2012 Bison Books paperback edition

Monday, March 28, 2011

Chatting with Jeremy Schaap

Just before Super Bowl Sunday, ESPN contacted Knopf to set up an interview of me by Jeremy Schaap. He wanted to talk about NATIVE AMERICAN SON for his radio show, This Sporting Life. We met at the Knopf offices on Broadway, between W. 55th and W. 56th streets. They are in the Random House building, the one with the lobby lined floor to very high ceiling with just about every great American book you've ever heard of. Sacred ground.
Jesse is a self-described track and field guy. His fine book Triumph: The Untold Story of Jesse Owens and Hitler's Olympics is dutifully listed in the bibliography of my biography of Jim Thorpe. His father, Dick Schaap, endeared himself to me not least because he wondered in 2000 just what Babe Ruth had done in the previous 50 years to put him ahead of Thorpe in some of those end-of-century Greatest Ever polls.

Knopf set us up in a conference room, with the ESPN producer, Jesse Baker, holding the mic between us. Jeremy was direct, thorough, persistent, and thoughtful. A great interviewer who knew his Thorpe. We talked about Carlisle, about the 1912 Olympics in Stockholm, the West Point-Carlisle football game several months later. About track and field today.
It struck me that he is just about the best example of Thorpe's legacy. Like so many other American kids in the 20th century, he learned about Thorpe from his father. Of course, not every kid can claim the likes of Dick Schaap, someone who wrote so well about the Olympics and so much else.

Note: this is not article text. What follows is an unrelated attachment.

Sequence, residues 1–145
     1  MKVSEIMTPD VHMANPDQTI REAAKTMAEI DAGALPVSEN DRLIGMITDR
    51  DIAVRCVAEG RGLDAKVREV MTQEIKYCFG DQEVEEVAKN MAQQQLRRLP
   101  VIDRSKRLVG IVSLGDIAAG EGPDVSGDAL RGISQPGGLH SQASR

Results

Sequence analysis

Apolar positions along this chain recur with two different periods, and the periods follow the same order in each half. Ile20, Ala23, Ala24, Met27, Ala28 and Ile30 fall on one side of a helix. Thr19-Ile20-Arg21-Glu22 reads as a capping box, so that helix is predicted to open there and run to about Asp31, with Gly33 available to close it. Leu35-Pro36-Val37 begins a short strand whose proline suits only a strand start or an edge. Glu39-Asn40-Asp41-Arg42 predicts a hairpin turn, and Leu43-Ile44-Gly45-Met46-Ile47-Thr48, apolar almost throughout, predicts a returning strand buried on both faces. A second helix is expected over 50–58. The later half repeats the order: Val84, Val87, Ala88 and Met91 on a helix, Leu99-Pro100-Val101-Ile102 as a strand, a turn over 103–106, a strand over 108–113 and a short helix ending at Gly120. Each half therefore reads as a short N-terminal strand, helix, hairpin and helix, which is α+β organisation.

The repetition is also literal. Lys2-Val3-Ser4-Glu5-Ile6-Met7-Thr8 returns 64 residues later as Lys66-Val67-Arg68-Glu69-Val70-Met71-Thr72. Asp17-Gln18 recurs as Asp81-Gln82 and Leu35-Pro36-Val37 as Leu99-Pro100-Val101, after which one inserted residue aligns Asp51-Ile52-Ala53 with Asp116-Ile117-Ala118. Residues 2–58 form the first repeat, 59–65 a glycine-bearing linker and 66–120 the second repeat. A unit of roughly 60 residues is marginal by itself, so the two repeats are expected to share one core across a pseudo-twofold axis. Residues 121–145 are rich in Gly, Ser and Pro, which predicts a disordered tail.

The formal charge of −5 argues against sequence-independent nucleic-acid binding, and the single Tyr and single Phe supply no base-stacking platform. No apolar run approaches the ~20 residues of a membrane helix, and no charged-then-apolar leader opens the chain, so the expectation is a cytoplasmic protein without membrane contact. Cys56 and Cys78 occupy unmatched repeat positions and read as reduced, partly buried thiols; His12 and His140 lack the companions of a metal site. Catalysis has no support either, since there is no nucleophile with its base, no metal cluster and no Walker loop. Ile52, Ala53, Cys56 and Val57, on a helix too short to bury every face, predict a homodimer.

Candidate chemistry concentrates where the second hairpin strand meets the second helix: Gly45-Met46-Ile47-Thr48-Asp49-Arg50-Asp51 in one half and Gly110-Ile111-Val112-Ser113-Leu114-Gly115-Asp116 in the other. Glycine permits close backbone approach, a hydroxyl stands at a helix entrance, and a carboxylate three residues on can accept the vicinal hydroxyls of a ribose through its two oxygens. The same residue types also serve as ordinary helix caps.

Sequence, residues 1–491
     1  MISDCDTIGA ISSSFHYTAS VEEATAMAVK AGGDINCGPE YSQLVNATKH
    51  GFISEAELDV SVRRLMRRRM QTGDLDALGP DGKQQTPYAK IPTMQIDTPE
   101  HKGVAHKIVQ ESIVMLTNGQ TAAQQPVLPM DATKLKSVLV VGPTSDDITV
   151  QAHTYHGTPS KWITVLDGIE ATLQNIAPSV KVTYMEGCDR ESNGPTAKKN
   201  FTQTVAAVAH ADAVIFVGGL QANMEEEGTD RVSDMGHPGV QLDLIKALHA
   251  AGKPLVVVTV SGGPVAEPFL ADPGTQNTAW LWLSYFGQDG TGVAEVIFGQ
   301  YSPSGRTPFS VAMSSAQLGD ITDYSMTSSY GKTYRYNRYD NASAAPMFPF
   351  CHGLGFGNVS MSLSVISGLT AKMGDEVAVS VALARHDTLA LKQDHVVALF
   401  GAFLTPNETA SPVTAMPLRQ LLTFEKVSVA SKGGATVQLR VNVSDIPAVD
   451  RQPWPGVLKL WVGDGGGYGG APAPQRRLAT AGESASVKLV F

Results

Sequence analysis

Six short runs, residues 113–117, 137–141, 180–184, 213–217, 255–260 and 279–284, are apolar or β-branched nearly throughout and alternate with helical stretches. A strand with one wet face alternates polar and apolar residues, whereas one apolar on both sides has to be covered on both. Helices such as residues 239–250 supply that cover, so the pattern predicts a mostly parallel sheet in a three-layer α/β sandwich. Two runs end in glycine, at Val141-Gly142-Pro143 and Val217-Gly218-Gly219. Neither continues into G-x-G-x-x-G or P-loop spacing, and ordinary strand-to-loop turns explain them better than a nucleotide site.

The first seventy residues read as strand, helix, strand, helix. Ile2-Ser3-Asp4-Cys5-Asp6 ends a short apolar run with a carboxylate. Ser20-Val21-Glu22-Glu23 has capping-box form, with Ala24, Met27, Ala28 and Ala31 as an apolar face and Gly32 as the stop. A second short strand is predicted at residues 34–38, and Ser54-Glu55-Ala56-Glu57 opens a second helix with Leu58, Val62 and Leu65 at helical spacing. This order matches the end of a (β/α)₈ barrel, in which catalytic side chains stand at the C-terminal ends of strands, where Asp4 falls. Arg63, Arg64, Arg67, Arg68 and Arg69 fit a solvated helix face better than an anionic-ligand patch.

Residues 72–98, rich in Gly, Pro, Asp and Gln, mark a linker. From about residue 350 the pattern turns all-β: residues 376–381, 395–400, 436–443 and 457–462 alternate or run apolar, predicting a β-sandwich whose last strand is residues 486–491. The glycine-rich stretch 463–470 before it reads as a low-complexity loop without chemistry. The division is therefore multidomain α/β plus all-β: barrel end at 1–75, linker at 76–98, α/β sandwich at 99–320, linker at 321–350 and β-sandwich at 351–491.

But the essential transmission is there. The father, who probably heard the story from his father, recounts the story of the great American Indian athlete to his son. The circle continues unbroken.

Listen to the interview: here, on the right column of my blog page >>>>

Wednesday, March 23, 2011

Seeing Liz Taylor at JFK

Late afternoon, TWA Terminal, JFK airport, sometime in the late 1980s: I am wandering around this amazing Eero Saarinen-designed landmark, waiting for someone to arrive from somewhere. 

As I stroll along the mezzanine (see photo below), taking in the light, angles, vertiginous ramps, there is a sudden change in the atmosphere. Maybe it is a noise, a rumble. Or an electric charge. Something is traveling through the air, a kind of communication. Something is happening down on the floor of the terminal. It is a phenomenon I have never experienced before or will ever again.

I go to the edge of the mezzanine and look down. People are moving in one direction, to my left. They aren't running, just being drawn as if to something magnetic. I can hear gasps, little cries. It's not a disaster, exactly. These are not noises of fear or horror. 

Suddenly I see the source of the reaction. It's a passenger cart, coming from the left, zipping through the terminal to a gate. The thrill in the air is now beyond intense. It is alive. It is hot. It is focused on the dark-haired woman sitting in the cart, waving to the crowd like a queen.

"Who is it?" I call down to the crowd below. 

"It's Elizabeth Taylor!" they shout back. 

Stars in the sky generate heat. That's why they twinkle from so far away. That crowd in the TWA terminal has just seen one of the greatest movie stars of all and ever. A shooting star that won't come our way again.